The guest speaker for the event was Dr. Jaime Montoya, Executive Director III of DOST-PCHRD. He recognized three program leaders present on stage in his speech: Dr. Maria Fe R. Tayzon, Dr. Raul V. Destura, and Dr. Barbara Baviera-Ronquillo. He also congratulated TMC’s endeavor as a private institution in pursuing Research. He emphasized physician-scientists’ importance: “I have a particular bias towards clinicians going into Research, with due courtesy to the non-clinicians. Why? Because you are from the best of both worlds. What more can you ask (for)? You are a clinician; you know what is needed in the clinics. You are also a scientist, so you know what basic Research can do. You know the possible solutions to address these problems. You put them together in one person—that is the best combination.” He ended his speech by acknowledging TMC and stressing the overall goal of the PCHRD: “I appreciate the efforts of The Medical City to partner with us in this endeavor. We would like to realize our mission; ultimately, our goal is to make the lives of our Filipinos better through health research. We acknowledge the specific roles we have to fulfill and play in this partnership. We are excited to foster the next generation of physician-scientists in the Philippines.”
The PSRF program focuses on the four research tracks based on the National Unified Health Research Agenda (NUHRA): the Biomedical Research Track, the Information and Communications Technology (ICT)/Systems Engineering Track, the Cellular Medicine Track, and the Molecular Medicine Track. This year, the competitive program accepted two fellows to be supervised by two kinds of mentors: clinician-mentors and scientist-mentors.
“It’s been eye-opening. During our clinical training as residents, you’re very much siloed into what you’re doing: your clinical practice, your specialization. But there’s this whole other world of opportunities and information that we only get a glimpse of during our training. But now that I’m here in this program, it’s overwhelming—the number of innovations and changes that are happening outside of our common clinical practice. Amazing,” says Dr. Gabriel Baluyut, an orthopedic surgeon in his first year of the Fellowship Program. He is on the ICT/ Systems Engineering Track. In less than a year, he has learned Python’s key concepts and advanced functions, a programming language, and Machine Learning and Deep Learning. For him, the best thing about the program is that “it gives us the ability to do cutting-edge research and learn new things that you really wouldn’t typically learn from your usual clinical settings.” He is developing two protocols focusing on making osteoporosis diagnostic testing more accessible. He is under the guidance of his two mentors, Dr. Cesar Dimayuga, the Chairman of TMC’s Department of Orthopedics, and Dr. Vladimer Kobayashi, a Certified Analytics Professional from UP Mindanao.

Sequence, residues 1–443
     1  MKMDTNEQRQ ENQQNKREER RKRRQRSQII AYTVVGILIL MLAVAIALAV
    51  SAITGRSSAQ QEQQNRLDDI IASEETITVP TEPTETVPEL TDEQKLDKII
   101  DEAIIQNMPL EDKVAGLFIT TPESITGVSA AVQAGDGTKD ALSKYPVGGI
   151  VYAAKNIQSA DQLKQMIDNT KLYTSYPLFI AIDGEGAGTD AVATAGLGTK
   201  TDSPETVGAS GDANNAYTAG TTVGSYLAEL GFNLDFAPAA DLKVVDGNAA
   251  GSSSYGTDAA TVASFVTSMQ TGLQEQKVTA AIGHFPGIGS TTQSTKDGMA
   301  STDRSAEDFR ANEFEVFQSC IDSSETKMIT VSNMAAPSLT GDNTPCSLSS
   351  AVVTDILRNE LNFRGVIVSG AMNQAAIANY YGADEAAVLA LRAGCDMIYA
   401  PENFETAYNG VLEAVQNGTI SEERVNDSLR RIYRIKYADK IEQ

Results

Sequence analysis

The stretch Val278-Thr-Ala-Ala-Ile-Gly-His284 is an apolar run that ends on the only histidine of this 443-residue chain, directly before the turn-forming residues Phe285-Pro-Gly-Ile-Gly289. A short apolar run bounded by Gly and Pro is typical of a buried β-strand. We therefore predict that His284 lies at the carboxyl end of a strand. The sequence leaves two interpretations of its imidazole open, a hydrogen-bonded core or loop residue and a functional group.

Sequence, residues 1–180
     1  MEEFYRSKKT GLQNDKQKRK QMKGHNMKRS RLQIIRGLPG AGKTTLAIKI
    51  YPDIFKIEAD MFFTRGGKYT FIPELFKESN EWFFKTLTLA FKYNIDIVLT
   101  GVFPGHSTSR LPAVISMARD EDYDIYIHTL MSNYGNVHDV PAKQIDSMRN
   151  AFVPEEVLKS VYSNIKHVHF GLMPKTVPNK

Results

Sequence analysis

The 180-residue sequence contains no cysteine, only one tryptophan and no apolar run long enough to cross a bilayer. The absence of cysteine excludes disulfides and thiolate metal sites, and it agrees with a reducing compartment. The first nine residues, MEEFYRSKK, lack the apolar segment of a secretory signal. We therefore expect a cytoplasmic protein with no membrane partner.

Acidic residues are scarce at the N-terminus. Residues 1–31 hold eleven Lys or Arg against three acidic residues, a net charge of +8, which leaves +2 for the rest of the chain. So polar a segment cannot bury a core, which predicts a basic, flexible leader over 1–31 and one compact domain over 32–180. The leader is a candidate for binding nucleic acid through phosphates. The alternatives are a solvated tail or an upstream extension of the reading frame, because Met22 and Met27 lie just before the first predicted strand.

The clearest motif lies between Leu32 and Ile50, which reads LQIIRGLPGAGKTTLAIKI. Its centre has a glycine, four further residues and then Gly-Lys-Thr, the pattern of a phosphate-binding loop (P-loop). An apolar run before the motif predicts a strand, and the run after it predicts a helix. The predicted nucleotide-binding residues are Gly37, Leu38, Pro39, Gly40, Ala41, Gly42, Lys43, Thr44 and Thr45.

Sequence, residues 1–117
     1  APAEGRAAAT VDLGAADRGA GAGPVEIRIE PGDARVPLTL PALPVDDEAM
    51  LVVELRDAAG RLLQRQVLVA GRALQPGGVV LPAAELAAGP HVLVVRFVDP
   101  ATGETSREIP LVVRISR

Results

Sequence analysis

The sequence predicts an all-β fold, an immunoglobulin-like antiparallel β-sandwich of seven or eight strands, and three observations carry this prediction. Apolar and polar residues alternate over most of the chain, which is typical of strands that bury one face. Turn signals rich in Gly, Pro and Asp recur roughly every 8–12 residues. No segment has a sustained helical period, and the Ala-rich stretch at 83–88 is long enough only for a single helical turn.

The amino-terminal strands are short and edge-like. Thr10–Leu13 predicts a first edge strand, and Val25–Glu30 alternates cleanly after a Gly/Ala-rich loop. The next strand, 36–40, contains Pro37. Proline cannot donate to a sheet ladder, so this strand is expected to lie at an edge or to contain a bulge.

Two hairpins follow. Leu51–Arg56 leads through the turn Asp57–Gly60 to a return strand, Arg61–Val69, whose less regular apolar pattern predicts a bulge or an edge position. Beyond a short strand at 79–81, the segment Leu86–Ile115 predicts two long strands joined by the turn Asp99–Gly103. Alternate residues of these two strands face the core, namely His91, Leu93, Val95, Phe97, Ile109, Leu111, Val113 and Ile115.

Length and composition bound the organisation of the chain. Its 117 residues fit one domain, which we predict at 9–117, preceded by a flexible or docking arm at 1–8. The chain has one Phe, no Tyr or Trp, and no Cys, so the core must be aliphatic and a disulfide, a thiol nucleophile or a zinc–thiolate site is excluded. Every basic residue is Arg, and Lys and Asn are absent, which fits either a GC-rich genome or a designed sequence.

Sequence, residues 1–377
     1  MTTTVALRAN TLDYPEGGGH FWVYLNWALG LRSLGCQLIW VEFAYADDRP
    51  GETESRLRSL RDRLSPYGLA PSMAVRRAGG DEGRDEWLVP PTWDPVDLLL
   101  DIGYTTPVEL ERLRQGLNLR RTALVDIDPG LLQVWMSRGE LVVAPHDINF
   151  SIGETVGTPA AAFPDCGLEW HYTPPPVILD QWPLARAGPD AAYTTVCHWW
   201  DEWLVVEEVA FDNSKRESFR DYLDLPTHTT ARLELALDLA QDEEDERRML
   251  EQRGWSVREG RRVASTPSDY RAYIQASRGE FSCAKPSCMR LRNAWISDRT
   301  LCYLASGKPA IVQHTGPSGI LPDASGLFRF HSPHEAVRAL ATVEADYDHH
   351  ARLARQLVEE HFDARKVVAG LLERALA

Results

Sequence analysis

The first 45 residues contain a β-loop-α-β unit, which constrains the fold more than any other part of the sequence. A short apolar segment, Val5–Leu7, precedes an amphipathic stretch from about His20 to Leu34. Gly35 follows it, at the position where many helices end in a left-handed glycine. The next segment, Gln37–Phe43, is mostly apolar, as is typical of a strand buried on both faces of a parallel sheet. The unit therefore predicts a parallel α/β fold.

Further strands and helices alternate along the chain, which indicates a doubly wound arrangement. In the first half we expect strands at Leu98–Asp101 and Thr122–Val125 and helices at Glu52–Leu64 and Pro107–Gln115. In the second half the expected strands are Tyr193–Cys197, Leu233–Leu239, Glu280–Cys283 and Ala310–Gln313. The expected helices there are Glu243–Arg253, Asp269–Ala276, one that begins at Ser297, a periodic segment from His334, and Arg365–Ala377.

Dr. Alma Calavera is taking the Cellular Medicine track, a hematologist always on the lookout for new advancements in cellular therapy. “The reason I joined this program is that I wanted to improve cancer treatment in the Philippines. In my practice, I’ve seen many patients suffering from hematologic malignancies, and I want to offer them more treatment options in the Philippines at a more affordable cost.” When asked how her first year in the program is going, she said: “For me, it’s been a challenging and interesting year. We had several collaborations with my mentors, particularly Dr. Felipe Prósper (from the Universidad de Navarra). I’m very honored to be mentored by him. As you know, Dr. Felipe Prósper is the leader of cellular therapy in Spain, and he was very courteous enough to take this endeavor with us.” At the moment, Dr. Calavera is also drafting two protocols under the guidance of her two mentors, Dr. Felipe Prósper, Head of the Cellular Therapy Unit of the Universidad de Navarra in Spain, and Dr. Vasiliki Kalodimou, the Director of the Flow Cytometry—Research and Regenerative Medicine Department of the IASO Maternity Hospital of Athens in Greece. She’s also been supplementing the training with her mentors by taking Cellular Manufacturing courses from the Massachusetts Institute of Technology (MIT) and Cellular Therapy courses from the Association for the Advancement of Blood & Biotherapies (AABB).
One year may have come and gone, but this is just the beginning. In the words of PCHRD’s Executive Director, Dr. Montoya, “We look forward to more productive projects, and I hope we will sustain this indefinitely. We’ll provide all the possible support we can provide. But, most importantly, we’d like the interest, enthusiasm, and commitment of our new, current, and maybe future physician-scientists – because you will be the driving force to keep this program going.”
As the famous saying goes—and as Dr. Tayzon has mentioned during the event—”Papunta pa lang tayo sa exciting part.”
Are you interested in becoming one of the first few physician-scientists under the program? Access all the contact details and the application kit here or scan the QR code below.